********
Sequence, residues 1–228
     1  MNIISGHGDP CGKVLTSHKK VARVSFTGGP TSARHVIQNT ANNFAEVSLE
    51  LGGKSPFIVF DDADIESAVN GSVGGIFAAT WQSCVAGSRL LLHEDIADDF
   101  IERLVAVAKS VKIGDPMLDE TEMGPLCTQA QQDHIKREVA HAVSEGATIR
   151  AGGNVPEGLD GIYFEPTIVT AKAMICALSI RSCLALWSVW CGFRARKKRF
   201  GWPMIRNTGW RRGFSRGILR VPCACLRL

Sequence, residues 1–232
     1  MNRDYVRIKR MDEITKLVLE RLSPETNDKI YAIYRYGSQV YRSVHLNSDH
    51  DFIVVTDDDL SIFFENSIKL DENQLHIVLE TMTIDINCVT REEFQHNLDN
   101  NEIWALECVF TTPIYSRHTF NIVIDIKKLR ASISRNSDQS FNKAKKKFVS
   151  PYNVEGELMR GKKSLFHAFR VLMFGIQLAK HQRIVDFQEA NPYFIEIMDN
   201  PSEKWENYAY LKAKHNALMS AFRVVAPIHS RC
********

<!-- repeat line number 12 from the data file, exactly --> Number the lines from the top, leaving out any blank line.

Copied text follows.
   201  PSEKWENYAY LKAKHNALMS AFRVVAPIHS RC